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Witnesses describe blasts that preceded Mumbai attacks

  • Story Highlights
  • Gautam Patel was ushered to dark banquet room in bottom of hotel with 200 others
  • Smriti Mundhra says it's hard to believe the chaotic images on news are right outside
  • British lawyer Mark Abel had just returned from dinner when blast shook his hotel
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(CNN) -- Gautam Patel was staying in the Trident Hotel, which is adjacent to the Oberoi Hotel, when the attacks began:

An Indian police officer directs people leaving the Taj Mahal after gunmen attacked the hotel overnight Wednesday.

An Indian police officer directs people leaving the Taj Mahal after gunmen attacked the hotel overnight Wednesday.

I was up on the 11th floor and while I was on a conference call, I heard two large noises, and they sounded like thuds from within the room, and that's when we realized that there was something serious happening.

When I heard the two thuds, that's when I looked out window and onto my left I could see the Oberoi Hotel -- there was a restaurant in the Oberoi Hotel -- which was under flames.

We left our room, walked down the fire exit, the hotel staff met us down at the bottom of hotel and put us into large banquet hall where we saw about 150 to 200 people. The lights were out, so we were just told to huddle there until we heard further. Video Watch Patel describe the evacuation »

We stayed there for about one hour, that's when we heard another large two bangs. We couldn't tell if they were from outside or within the hotel, then we heard some gunfire. Twenty, 30 minutes past that, one of the senior advisers of the hotel mentioned we would be escorted to the back of the hotel, put into groups of 10 people and told to run to the neighboring cinema hall, where we would be safe.

I think most of the activity was happening in the lobby. People were talking, rumoring about the fact that terrorists were in the hotel, so there was a search by room-to-room, so I think the activity was happening in the hotel and the front of the hotel.

* * *

New York-based filmmaker Smriti Mundhra and her parents were staying in an apartment near the Oberoi, one of the hotels where gunmen took hostages:

We're all safe in our apartment right now, following instructions by the police to stay at home with the doors locked and away from windows.

Just as we were getting ready for bed last night, I heard a little bit of commotion on the street and some police sirens and didn't really think much of it, then my parents came in and told me something was going on in the neighborhood. So we watched the news and realized essentially there's a terrorist attack happening just outside our door. Video Watch Mundhra talk about the scene outside her door »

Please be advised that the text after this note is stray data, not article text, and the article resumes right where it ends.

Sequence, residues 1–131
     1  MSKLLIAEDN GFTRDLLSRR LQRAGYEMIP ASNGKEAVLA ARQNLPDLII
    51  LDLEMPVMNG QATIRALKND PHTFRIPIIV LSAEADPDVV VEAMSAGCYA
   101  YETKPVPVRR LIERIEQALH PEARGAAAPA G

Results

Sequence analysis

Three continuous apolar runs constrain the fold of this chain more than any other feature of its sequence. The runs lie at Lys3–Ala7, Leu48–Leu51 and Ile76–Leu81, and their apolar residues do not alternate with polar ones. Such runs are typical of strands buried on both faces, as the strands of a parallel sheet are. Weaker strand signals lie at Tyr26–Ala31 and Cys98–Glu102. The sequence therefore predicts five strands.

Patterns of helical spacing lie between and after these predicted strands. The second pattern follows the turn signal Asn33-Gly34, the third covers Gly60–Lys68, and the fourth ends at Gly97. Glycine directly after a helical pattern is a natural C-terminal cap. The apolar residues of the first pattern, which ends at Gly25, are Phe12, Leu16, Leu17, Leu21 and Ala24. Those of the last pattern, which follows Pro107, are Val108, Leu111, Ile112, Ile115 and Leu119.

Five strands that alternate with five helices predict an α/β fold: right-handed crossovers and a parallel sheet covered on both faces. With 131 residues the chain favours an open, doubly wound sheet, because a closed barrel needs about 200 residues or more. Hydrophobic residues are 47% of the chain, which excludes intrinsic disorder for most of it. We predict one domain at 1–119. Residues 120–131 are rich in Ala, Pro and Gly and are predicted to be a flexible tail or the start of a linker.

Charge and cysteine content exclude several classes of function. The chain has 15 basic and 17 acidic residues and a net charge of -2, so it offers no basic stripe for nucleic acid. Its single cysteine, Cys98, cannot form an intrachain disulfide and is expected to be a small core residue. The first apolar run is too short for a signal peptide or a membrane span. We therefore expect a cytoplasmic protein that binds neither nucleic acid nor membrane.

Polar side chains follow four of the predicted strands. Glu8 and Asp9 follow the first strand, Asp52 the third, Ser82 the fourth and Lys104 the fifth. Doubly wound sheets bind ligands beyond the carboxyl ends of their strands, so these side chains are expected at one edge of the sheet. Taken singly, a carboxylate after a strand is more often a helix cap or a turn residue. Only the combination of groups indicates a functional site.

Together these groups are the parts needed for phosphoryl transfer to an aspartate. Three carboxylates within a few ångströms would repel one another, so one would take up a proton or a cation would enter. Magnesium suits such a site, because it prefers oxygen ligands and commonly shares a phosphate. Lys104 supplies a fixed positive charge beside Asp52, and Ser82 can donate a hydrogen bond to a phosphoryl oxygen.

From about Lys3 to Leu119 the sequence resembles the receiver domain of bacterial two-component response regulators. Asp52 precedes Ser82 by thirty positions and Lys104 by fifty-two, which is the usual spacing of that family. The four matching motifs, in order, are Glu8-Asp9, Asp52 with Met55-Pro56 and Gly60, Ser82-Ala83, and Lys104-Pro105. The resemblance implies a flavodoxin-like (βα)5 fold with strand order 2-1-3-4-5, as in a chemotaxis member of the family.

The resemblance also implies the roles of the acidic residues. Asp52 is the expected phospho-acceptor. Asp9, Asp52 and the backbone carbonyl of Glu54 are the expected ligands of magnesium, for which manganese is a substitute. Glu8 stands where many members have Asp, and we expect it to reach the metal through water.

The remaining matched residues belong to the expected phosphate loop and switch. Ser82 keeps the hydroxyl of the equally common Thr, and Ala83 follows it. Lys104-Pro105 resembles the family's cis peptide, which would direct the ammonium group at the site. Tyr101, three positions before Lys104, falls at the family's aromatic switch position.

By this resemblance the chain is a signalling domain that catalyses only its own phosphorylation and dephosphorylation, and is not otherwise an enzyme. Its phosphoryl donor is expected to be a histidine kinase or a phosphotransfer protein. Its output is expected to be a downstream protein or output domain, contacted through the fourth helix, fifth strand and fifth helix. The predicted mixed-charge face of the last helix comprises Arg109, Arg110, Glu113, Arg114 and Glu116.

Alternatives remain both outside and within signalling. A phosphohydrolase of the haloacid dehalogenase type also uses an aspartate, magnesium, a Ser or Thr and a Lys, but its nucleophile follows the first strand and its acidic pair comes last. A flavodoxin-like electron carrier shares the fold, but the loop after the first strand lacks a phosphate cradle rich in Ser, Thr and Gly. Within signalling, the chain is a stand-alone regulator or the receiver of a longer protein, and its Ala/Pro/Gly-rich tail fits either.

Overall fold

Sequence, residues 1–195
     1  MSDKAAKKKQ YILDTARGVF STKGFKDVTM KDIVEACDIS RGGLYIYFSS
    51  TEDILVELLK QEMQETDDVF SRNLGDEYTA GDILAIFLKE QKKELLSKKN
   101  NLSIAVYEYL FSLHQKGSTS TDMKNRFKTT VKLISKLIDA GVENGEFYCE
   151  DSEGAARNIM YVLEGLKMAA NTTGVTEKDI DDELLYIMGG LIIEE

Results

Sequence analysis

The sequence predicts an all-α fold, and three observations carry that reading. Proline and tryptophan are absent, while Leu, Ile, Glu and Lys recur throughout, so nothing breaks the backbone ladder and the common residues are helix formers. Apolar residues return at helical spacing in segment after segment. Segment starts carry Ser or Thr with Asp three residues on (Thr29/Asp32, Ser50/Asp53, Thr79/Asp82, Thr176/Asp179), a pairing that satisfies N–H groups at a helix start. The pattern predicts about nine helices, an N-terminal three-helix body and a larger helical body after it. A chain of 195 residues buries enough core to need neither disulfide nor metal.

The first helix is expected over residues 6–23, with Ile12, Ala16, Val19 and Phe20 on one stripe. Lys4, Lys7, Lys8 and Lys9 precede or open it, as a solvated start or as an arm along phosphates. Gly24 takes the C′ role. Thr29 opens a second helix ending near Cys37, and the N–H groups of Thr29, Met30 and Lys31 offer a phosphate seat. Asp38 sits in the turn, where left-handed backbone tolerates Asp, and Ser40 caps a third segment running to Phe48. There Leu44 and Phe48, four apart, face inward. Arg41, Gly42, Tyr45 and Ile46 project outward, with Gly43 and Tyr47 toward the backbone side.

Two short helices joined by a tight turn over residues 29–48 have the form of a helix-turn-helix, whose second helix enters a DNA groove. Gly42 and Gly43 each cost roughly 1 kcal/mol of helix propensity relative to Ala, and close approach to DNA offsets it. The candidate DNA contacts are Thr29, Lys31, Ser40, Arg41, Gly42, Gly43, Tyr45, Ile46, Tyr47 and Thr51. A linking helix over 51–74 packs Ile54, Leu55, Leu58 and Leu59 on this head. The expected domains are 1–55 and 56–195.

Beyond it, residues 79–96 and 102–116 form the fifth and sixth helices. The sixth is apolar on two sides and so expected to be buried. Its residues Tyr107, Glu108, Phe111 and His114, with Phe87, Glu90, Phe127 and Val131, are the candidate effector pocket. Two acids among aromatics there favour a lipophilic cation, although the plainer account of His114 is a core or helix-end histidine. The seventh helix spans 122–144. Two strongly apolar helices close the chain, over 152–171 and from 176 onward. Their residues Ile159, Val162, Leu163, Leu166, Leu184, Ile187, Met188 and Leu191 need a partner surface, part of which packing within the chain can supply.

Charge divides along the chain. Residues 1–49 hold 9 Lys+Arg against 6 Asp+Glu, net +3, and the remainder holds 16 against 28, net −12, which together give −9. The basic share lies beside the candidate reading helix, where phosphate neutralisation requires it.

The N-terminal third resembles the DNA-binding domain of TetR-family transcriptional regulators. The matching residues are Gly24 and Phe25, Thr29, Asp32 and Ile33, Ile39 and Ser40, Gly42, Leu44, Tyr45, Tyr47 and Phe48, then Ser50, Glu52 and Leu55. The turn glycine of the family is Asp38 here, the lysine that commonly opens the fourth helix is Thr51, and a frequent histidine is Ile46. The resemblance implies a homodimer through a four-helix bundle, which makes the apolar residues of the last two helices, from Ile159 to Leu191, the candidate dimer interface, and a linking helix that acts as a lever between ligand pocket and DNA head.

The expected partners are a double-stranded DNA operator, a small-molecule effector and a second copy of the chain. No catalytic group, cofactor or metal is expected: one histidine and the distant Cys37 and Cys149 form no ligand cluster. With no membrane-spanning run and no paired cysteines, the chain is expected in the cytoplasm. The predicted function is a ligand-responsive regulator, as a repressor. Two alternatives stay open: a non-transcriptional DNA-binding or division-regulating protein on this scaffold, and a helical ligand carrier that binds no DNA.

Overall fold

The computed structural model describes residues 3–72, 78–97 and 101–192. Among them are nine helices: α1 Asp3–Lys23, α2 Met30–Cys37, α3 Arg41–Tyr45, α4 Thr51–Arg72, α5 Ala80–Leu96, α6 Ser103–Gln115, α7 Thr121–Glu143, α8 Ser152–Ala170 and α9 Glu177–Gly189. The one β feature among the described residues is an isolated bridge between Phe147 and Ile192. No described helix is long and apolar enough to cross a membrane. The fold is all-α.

We've been indoors since we've been hearing things from out of the window -- bombs and police sirens and all kinds of chaos. I've been watching in on TV and it's very hard to connect the two, that all of that is happening right outside our doors.

We haven't really been in touch with our neighbors, we've just been locked down in to our apartment.

I've been online and in touch with various friends around Bombay (Mumbai) ... and it seems like we've been getting a lot of information on TV and a lot of updates and it's been a bit confusing, but we have an idea of where things are happening and what's going on, but I think for the most part we're just staying indoors and trying to play it safe until the police and various government agencies have control of the situation.

International hot lines

Australia: Department of Foreign Affairs offers this number in Australia: 1-800-002 214.
U.S.: The State Department has established a Consular Call Center: The number is 888-407-4747.
UK Foreign Affairs Ministry: 44 (0)20 7008 0000

We were told to stay indoors, not leave our houses, stay away from windows. I know that the people who are in buildings surrounding the Oberoi have been advised to keep lights off and windows and blinds closed and we've done all of that, and just keeping an eye on our family.

* * *

Mark Abell is in a hotel room near the Taj:

I came back from dinner last night at 9 with a colleague, came into the lobby. The security fences weren't operating; the hotel shook with an immense blast. Three or four minutes later, there was another large blast, the whole building shaking. Video Watch Abell describe the blast »

I looked outside to see crowd running. It was chaos, gunshots; it looked all very, very nasty.

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My colleague and I are keeping in touch by cell phone because internal communications are dead and we're watching local news. There's lots of conflicting reports. I can see the Taj from my room, and I could see the fire there during the night.

There are couple of receptions for foreign corporations at exact time bomb went off so yes, there's lots of potential targets.

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